Eifman Ballet
Kings of the Dance Tickets

Eifman Ballet of St. Petersburg

'Seagull' doesn't soar
Despite heroic performances, Eifman Ballet's "The Seagull" fails to capture the                                     soul-wrenching poignancy of Anton Chekhov's classic story.
Date: March 18, 2007

Treplev, the suicidal hero of choreographer Boris Eifman's "The Seagull," is in a box.
At the start and end of the Russian choreographer's brand new ballet, Treplev was curled inside a metal cube. This expandable set piece (cleverly designed by Zinovy Margolin) was the apt symbol in an otherwise jumbled two-act adaptation of Anton Chekhov's late 19th century masterpiece, presented Friday by the Orange County Performing Arts Center.
Chekhov's "comedy in four acts" is about art, the creative process, and the mess that humans make of their lives. Eifman branched away from the original, but then would return to it in unexpected places. It made one wonder if anyone who hadn't recently read the play could follow what was happening, such as when the Trigorin character began reeling in an imaginary fish.
Chekhov's four main characters were denizens of the theater, and on the page, Treplev was an unappreciated playwright. Eifman shifted the story to the ballet studio, an echo of another and earlier ballet just seen at the center, John Neumeier "Death in Venice."
Eifman's Treplev is a choreographer, an original who thinks "outside the box" – hence that symbolic cube. But he's universally misunderstood. Arkadina, his diva-dancer-mother, falls asleep while watching his latest creation; Zarechnaya, his ballerina girlfriend, doesn't take him seriously; and Trigorin, the choreographer of boring, but successful ballets, dismisses him. Trigorin deals double blows by messing around with both Arkadina and Zarechnaya. He ultimately discards Zarechnaya – Chekhov's symbolic sea gull – and she ends up clothed in a cheesy tutu at a high-end, strip-club-shooting gallery.
The ballet did begin promisingly, with small, nuanced character introductions, notable for their light, whimsical touch. The choreographer even made us laugh, as when Treplev, affectingly portrayed by Dmitri Fisher, tried to teach some of his newfangled steps to Zarechnaya, danced large and ardently by the beautiful Maria Abashova.
The trouble inherent with this ballet-within-a-ballet format became all-too obvious: How to demonstrate a character's genius if the choreographer himself cannot come up with scenes of transcendent superiority? And on the flip side, how does a choreographer provide examples of a character's mediocrity without boring the audience?
Eifman's solutions were problematic. For Treplev's "new" work, he covered a handful of dancers in glowing white fabric to create a giant wriggling worm, a la Momix. Trigorin's academic ballet exercises progressed uninterestingly, wasting the talents of Eifman's lean, fearless dancers.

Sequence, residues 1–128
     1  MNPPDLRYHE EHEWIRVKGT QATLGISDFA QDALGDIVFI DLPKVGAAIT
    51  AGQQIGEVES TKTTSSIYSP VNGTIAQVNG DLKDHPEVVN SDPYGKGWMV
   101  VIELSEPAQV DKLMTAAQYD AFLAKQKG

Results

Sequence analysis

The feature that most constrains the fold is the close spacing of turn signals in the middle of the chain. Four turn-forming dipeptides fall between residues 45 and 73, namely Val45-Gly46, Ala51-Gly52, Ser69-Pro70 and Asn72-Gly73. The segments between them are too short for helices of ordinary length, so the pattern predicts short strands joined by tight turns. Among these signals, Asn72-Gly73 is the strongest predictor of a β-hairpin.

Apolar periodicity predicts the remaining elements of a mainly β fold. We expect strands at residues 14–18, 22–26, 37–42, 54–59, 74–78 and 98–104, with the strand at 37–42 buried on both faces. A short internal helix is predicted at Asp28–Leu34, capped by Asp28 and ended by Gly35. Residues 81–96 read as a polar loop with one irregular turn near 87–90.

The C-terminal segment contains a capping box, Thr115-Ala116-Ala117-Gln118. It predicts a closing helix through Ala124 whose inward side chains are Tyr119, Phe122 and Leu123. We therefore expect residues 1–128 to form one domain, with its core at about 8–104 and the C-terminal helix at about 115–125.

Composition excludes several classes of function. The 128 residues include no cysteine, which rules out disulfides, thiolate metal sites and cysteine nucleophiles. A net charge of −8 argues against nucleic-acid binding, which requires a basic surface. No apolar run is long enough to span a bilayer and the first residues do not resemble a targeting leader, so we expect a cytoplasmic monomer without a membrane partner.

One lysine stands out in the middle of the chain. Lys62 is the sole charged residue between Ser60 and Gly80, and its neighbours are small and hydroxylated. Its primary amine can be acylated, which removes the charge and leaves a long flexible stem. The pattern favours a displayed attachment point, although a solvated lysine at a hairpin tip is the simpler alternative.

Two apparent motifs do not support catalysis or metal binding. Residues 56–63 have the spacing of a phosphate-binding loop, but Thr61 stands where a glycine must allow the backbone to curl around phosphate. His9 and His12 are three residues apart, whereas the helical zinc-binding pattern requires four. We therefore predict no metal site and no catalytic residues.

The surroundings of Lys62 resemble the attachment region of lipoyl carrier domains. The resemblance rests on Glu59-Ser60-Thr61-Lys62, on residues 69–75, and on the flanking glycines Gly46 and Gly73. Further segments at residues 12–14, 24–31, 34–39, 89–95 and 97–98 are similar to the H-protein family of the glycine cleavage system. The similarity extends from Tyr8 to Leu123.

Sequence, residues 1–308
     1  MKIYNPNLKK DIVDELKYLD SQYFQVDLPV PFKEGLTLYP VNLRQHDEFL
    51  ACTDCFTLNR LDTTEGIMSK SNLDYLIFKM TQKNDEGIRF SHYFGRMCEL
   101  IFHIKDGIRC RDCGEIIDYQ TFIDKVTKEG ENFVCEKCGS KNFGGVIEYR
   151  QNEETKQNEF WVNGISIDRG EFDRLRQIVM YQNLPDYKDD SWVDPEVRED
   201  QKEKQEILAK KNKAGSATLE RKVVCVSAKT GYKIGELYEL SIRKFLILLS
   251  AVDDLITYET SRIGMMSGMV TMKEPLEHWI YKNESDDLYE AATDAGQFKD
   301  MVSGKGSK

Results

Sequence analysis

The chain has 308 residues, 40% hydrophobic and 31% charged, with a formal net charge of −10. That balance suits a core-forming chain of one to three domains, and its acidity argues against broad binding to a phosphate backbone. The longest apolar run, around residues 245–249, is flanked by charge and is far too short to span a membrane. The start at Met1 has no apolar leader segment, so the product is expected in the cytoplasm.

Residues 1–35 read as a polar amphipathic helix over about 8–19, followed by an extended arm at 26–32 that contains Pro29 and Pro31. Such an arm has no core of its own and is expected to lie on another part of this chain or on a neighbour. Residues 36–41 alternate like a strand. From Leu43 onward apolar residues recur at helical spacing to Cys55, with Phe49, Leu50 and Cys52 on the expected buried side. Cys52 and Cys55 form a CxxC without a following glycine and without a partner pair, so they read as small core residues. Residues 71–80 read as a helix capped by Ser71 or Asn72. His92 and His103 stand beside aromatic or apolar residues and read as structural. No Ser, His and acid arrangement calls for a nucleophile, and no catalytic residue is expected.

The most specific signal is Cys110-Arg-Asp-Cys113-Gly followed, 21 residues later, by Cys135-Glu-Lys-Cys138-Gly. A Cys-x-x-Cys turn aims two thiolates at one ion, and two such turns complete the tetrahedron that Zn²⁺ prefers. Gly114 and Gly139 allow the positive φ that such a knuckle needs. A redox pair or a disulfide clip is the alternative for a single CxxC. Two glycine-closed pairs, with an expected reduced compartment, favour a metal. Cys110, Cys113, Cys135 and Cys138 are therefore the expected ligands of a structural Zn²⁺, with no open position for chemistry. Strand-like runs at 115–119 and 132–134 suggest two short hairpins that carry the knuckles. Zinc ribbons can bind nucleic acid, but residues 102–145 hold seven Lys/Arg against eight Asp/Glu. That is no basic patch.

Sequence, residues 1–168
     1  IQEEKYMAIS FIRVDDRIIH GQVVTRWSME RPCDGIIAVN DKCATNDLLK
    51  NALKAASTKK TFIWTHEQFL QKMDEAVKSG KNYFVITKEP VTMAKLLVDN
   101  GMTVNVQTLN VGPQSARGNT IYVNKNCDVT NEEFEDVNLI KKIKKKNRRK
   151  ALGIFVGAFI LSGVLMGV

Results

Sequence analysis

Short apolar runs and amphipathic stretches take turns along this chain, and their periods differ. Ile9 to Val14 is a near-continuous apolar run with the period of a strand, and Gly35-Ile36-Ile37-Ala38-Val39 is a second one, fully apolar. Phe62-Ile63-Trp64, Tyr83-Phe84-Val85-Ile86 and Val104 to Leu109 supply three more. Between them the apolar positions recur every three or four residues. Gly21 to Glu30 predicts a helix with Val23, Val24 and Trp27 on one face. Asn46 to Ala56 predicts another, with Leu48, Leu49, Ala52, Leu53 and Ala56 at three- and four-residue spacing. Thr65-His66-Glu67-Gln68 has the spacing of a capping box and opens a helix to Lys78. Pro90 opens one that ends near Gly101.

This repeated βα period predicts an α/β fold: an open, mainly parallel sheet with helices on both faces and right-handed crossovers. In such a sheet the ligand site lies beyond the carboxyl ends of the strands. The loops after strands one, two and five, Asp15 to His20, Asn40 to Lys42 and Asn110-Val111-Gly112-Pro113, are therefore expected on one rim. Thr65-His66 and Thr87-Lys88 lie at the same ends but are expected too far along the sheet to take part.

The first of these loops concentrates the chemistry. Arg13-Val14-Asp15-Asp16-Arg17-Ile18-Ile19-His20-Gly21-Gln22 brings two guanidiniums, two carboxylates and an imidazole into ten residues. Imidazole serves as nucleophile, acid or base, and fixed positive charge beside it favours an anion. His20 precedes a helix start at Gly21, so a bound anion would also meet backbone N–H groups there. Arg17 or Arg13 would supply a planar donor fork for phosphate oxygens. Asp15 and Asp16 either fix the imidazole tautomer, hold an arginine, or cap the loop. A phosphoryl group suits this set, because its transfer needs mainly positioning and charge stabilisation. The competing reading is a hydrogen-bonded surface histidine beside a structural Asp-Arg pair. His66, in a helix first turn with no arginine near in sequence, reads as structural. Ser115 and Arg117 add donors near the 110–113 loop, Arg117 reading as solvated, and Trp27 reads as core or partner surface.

In an out-of-place and desperate diversion, a scene of pseudo hip-hop dancing was thrown in, Eifman getting aid from "consultants" Frenchman Sylvain Le Hesran, AKA Slyde, and from fellow countrymen Maxim Shakhov. A second act bump-and-grind number was more suitable to a Las Vegas show.
Eifman was most comfortable with the aggressive and acrobatic love duets for his principals, and solos of frantically paced bravura steps. These are his calling cards. The audience loved these displays, and the dancers' mighty dedication and athletic prowess were impressive.
Yuri Smelakov brought just the right haughtiness to his part as Trigorin. In a concluding solo he passionately expressed his character's ambivalence for the person and artist he had become. Likewise Nina Zmievets was stirringly displayed Arkadina's whipsaw reactions to her son – cradling him one minute and striking him the next. It was actually painful, however, to watch Zmievets's emaciated body in motion. It's time to discourage this ballerina body-model, just as some are frowning on too-thin runway mannequins.
As usual, Eifman's recorded musical selections, by Serge Rachmaninoff and Alexander Skryabin, were chosen for their manipulative possibilities. Eifman sound engineer Leonid Eremin composed the jarring electronic sonic interruptions. The stage backdrop was dominated by a bendable metal canopy, on which dozens of lights hung. Added to those were strobes and colored washes, and the ballet frequently resembled a night club act.
I will look forward, though, to seeing Fisher dance again, because he has tremendous talent. Hopefully, it will be in a ballet that's got nothing to do with boxes.